Intro: Gilgit-Baltistan remains void of political representation and its education sector is deprived since the establishment of Pakistan’s control on 16th Nov 1947.
Gilgit-Baltistan can be rightly called the most down trodden colony of Pakistan. It has been deprived of its natural resources and its people continue to live a medieval lifestyle due to lack of basic facilities. The lack of proper educational facilities stands out as a particularly inhumane deprivation that Pakistan has heaped on the hapless people of the region.
Karakoram University is the only centre for higher education in the whole of Gilgit-Baltistan; it was also built as late as 2002 during the dictatorship of General Pervez Musharraf. Successive governments thereafter made no effort beyond an initiative taken eight years later to establish the campus of Hussain Abad, University at Skardu in 2010. Unfortunately, the new campus is also constrained by paucity of funds and is an educational centre for namesake.
Lack of finances does not come as a surprise considering that education gets only 5.3 percent of the total budget of the province which is, in any case, frugal. The quoted education fund is a little more than thirty crore in Pakistani currency: Compared to it, the budgetary allocation to education in Jammu & Kashmir is Rs 734.66 crores (Indian currency) in the year 2014-15. The World Bank brought out an economic report on Gilgit-Baltistan in March 2011. The report puts primary school enrolment at 51 percent; middle school enrolment from stands at 17 percent; and the enrolment 10th class onwards at 14 percent is the most disquieting. Most of the schools in
the region have not been recognised by nodal educational agencies in Pakistan since they do not meet the parameters laid down.
|In 2012, only 3,587 students across
Gilgit-Baltistan, out of 12,004, passed the 9th class exam.
There is, unfortunately, no outlet for the talented in this regon. The 18 colleges in the region (ten for boys and eight for girls) are hardly sufficient for the needs of the region. There are no vocational, medical or engineering colleges in Gilgit-Baltistan; inauguration of the first medical college in the region was announced by the Pakistan People’s Party (PPP) Prime Minister Yousuf Raza Gilani on September, 29, 2009. The college is nowhere near opening as yet. There are limited seats for students of this region in colleges across Pakistan.
Rampant corruption afflicts the education sector. Illegal appointments, fake certificates and other such nefarious activities are unbridled. There are some institutions where a student’s fee has been waived by the federal government, yet well-established mafias extract money from the students and the government officials are its beneficiaries too.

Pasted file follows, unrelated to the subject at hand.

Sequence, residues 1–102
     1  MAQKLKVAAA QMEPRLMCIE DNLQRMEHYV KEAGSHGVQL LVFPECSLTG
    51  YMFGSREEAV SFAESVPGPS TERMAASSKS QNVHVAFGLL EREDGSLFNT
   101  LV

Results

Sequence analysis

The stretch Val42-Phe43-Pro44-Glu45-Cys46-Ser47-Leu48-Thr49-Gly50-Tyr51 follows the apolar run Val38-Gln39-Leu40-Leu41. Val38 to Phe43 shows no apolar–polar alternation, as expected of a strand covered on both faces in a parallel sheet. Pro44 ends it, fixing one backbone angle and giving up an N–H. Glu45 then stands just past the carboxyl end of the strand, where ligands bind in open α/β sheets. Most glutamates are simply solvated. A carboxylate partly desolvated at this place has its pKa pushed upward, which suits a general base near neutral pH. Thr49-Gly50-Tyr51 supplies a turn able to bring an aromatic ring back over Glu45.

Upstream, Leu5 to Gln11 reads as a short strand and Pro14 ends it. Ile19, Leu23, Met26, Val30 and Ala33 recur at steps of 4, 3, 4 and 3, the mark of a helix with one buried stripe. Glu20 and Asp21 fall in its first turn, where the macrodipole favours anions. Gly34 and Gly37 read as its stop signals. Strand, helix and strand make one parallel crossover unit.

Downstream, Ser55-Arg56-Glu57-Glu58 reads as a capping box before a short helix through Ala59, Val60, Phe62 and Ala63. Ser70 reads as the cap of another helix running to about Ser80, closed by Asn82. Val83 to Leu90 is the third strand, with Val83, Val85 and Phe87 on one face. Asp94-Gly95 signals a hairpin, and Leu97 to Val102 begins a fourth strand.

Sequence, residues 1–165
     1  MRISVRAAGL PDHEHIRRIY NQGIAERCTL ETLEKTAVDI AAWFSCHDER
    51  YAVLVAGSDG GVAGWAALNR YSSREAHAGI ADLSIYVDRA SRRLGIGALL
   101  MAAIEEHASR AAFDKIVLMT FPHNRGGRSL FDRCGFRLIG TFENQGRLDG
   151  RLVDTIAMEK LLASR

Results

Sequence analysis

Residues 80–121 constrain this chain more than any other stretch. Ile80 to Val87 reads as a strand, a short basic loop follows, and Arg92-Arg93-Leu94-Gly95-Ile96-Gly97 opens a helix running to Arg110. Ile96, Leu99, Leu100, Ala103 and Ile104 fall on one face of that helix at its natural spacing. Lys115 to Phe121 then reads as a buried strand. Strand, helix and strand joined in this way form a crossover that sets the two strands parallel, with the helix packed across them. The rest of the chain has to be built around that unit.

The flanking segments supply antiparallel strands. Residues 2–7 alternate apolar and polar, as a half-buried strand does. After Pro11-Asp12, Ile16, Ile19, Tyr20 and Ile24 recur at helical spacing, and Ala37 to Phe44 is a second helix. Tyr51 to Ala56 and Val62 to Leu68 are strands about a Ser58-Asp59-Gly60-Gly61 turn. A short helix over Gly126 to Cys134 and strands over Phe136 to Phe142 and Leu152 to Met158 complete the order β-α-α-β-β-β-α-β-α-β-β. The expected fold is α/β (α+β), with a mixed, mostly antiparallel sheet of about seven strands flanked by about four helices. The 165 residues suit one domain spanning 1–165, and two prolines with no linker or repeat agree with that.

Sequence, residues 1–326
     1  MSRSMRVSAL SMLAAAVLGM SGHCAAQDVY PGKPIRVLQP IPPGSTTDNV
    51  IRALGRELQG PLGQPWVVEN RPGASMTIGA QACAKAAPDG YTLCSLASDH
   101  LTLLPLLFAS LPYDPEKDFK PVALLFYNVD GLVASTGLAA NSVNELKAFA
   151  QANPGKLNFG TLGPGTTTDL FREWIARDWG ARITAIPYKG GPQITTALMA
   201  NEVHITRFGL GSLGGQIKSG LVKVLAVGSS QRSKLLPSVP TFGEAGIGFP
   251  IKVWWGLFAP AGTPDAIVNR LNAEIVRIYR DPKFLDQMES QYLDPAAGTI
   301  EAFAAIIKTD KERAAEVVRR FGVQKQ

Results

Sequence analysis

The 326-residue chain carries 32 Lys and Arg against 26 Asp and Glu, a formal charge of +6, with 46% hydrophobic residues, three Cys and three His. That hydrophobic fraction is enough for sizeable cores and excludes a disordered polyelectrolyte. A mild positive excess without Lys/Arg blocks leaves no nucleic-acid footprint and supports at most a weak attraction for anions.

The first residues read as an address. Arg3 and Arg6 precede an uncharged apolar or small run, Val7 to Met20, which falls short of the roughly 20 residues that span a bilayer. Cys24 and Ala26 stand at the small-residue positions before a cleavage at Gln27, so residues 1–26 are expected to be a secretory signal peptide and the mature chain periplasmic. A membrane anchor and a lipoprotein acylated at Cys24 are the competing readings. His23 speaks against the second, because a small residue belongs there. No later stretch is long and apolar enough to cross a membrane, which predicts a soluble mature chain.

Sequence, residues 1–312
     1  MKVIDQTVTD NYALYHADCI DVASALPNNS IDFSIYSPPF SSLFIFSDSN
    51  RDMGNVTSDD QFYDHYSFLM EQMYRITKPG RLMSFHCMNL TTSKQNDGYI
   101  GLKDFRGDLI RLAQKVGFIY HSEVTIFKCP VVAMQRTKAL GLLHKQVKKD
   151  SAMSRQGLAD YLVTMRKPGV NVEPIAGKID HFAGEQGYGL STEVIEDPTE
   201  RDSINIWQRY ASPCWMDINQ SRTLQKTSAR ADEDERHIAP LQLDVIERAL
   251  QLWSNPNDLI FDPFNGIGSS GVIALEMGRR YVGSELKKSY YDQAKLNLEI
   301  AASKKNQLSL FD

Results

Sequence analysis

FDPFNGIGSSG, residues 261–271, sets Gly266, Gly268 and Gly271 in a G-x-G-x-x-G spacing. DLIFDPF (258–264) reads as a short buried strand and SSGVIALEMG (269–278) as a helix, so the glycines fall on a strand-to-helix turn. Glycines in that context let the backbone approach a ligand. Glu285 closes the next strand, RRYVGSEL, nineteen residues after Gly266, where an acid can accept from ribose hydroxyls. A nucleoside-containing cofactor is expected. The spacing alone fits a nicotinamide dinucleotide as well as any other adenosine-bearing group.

The biggest racket by far is in the selection and appointment of teacher’s right from the primary school to the university level. In many instances teachers selected have been found to be less qualified than the students they are required to teach. Undergraduates from Karachi University have been appointed to take classes for B.Sc honours in Karakoram University – can it get more ludicrous than this?
There are a number of international donor establishments that are ready to uplift the education levels of the region. The main impetus is coming from the Aga Khan Foundation that is looking at establishment of the Aga Khan University and institutes for educational/human development. AusAID (the Australian Agency for International Development) also launched an Education Development and Improvement Programme (EDIP) in 2010 mainly for differently abled children. Sadly, whatever little money comes by in the form of international aid is quickly eaten up by the members of the well entrenched mafia.
The federal government along with its stooge provincial government in Gilgit-Baltistan has got down to preparing a Vision-2025 document to address the present and future educational needs and challenges within the framework of the national education policy and project the same to the relevant stakeholders- the initiative is to sound the federal government good in areas such as international monitoring of the millennium development goals etc. Overall, the capacity of the education sector is so low that initially fundamental baby steps are required to give it an impetus and not focus the grandiose elements contained in the millennium goals. The silver lining and only hope are determined and brilliant young people of the region who are protesting to exhort the government to upgrade facilities instead of giving mere lip service.
The global community in general and India in particular should raise voice for the upliftment of this region.
Jaibans Singh (The writer is editor www.defenceinfo.com, [email protected])